I haven't covered foreign affairs much in the blog in recent times, but this story from Vox seems to say some important things about the US government's approach to Russia's troubling annexation of parts of Ukraine. The TL:DR of it is that the approach, widely decried as weak and ineffectual, seems to be working:
Russian President Vladimir Putin has over-reached in Ukraine, creating problems for himself so bad that they may force him down as or more effectively than plausible American actions alone might have (although they helped). Putin is hanging himself by his own rope.
This has been so effective, and has apparently taken Putin by such surprise, that after weeks of looking like he could roll into eastern Ukraine unchallenged, he's backing down all on his own. Official Russian rhetoric, after weeks of not-so-subtle threats of invading eastern Ukraine, is backing down. Putin suddenly looks like he will support Ukraine's upcoming presidential election, rather than oppose it, although it will likely install a pro-European president. European and American negotiators say the tone in meetings has eased from slinging accusations to working toward a peaceful resolution.
Most of this is economic. Russia's self-imposed economic problems started pretty quickly after its annexation of Crimea in March and have kept up. Whether or not American or European governments sanction Russia's broader economy, the global investment community has a mind of its own, and they seem to have decided that Russia's behavior has made it a risky place to put money. So risky that they're pulling more money out.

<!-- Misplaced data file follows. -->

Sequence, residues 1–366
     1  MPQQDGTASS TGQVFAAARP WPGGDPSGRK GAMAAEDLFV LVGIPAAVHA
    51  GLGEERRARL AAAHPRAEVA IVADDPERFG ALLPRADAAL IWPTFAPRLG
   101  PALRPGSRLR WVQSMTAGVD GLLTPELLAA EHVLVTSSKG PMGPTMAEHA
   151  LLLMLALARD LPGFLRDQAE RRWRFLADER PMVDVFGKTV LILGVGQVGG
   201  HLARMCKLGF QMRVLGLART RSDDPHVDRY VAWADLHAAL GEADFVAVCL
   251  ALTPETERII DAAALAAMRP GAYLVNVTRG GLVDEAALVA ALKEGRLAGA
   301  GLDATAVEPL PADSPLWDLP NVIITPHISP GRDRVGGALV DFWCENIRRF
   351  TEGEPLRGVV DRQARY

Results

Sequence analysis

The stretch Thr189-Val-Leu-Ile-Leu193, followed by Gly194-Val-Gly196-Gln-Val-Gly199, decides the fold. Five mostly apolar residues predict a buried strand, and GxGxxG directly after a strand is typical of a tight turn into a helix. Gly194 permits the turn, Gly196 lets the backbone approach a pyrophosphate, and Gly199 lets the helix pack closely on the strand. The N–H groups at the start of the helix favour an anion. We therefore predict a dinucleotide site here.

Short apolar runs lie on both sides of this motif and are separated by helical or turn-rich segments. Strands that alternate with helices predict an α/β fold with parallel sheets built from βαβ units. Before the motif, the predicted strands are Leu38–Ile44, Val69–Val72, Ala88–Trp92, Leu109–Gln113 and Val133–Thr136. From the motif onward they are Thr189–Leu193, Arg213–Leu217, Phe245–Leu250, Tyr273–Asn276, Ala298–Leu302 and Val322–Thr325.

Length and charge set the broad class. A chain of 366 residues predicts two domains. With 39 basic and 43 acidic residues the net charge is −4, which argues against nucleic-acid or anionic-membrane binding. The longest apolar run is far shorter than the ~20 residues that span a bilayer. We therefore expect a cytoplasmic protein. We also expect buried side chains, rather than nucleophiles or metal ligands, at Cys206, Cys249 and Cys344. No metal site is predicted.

If the counterfactual was some form of military action by the US, with god knows what consequence, then it seems fair to say that "weakness" has been a pretty good policy.
I'll leave you to work through John Pilger's bizarre Guardian column arguing that In Ukraine, the US is dragging us towards war with Russia.
But this might also provide a useful context in which to think about the Boko Haram hostage crisis and what Lew Stoddart ably summed up on Twitter as "the expectation that any time something shitty happens anywhere in Africa the 101st Airborne is going to be able to fix0r it."
Yes, one on level, #BringBackOurGirls is sheer slacktivism; an easy way for people feel they're doing something material by retweeting a hashtag. And there's a great and obvious moral conflict in Americans lamenting the fate of the kidnapped girls but not the innocents killed in US drone strikes. On the other, when Michelle Obama and Malala and even Rita Marley front, there's a an important soft-power element that, it appears, may even be helping give pause to lunatic extremists.
Perceptions of the US administration (ie: The President) in Nigeria have collapsed in the past three years (from 84% positive to 53% positive). There's a limited market for US hard power there. But Africans consistently admire the elements of US soft power: its culture rather than its weapons. In this instance, being prepared to help but standing softly in solidarity would seem to be the wiser course.